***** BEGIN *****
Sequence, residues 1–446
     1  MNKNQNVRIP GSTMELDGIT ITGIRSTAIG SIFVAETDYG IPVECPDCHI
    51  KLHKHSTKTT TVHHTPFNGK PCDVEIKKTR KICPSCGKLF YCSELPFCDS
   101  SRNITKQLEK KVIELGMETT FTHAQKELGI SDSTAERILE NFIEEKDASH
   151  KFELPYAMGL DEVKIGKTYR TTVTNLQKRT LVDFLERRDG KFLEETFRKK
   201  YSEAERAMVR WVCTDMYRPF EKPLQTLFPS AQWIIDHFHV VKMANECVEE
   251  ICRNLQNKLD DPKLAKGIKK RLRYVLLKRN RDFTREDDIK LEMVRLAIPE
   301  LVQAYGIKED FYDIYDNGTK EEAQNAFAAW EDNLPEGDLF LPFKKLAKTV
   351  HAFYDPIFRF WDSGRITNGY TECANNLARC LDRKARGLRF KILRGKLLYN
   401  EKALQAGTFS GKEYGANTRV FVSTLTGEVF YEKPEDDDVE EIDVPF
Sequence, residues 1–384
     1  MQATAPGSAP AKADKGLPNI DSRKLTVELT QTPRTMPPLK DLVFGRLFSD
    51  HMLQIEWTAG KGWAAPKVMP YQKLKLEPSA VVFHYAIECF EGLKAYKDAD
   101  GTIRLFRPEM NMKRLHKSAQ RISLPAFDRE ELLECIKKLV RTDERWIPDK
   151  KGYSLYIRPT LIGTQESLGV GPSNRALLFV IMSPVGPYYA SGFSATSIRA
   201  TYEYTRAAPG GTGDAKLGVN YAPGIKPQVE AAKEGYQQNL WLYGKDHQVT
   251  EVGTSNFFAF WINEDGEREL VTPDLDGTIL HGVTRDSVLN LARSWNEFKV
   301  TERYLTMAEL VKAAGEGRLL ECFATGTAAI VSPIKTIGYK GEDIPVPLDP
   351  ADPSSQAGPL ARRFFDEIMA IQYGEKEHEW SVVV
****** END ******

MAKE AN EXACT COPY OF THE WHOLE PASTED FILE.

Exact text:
Sequence, residues 1–446
     1  MNKNQNVRIP GSTMELDGIT ITGIRSTAIG SIFVAETDYG IPVECPDCHI
    51  KLHKHSTKTT TVHHTPFNGK PCDVEIKKTR KICPSCGKLF YCSELPFCDS
   101  SRNITKQLEK KVIELGMETT FTHAQKELGI SDSTAERILE NFIEEKDASH
   151  KFELPYAMGL DEVKIGKTYR TTVTNLQKRT LVDFLERRDG KFLEETFRKK
   201  YSEAERAMVR WVCTDMYRPF EKPLQTLFPS AQWIIDHFHV VKMANECVEE
   251  ICRNLQNKLD DPKLAKGIKK RLRYVLLKRN RDFTREDDIK LEMVRLAIPE
   301  LVQAYGIKED FYDIYDNGTK EEAQNAFAAW EDNLPEGDLF LPFKKLAKTV
   351  HAFYDPIFRF WDSGRITNGY TECANNLARC LDRKARGLRF KILRGKLLYN
   401  EKALQAGTFS GKEYGANTRV FVSTLTGEVF YEKPEDDDVE EIDVPF
Sequence, residues 1–384
     1  MQATAPGSAP AKADKGLPNI DSRKLTVELT QTPRTMPPLK DLVFGRLFSD
    51  HMLQIEWTAG KGWAAPKVMP YQKLKLEPSA VVFHYAIECF EGLKAYKDAD
   101  GTIRLFRPEM NMKRLHKSAQ RISLPAFDRE ELLECIKKLV RTDERWIPDK
   151  KGYSLYIRPT LIGTQESLGV GPSNRALLFV IMSPVGPYYA SGFSATSIRA
   201  TYEYTRAAPG GTGDAKLGVN YAPGIKPQVE AAKEGYQQNL WLYGKDHQVT
   251  EVGTSNFFAF WINEDGEREL VTPDLDGTIL HGVTRDSVLN LARSWNEFKV
   301  TERYLTMAEL VKAAGEGRLL ECFATGTAAI VSPIKTIGYK GEDIPVPLDP
   351  ADPSSQAGPL ARRFFDEIMA IQYGEKEHEW SVVV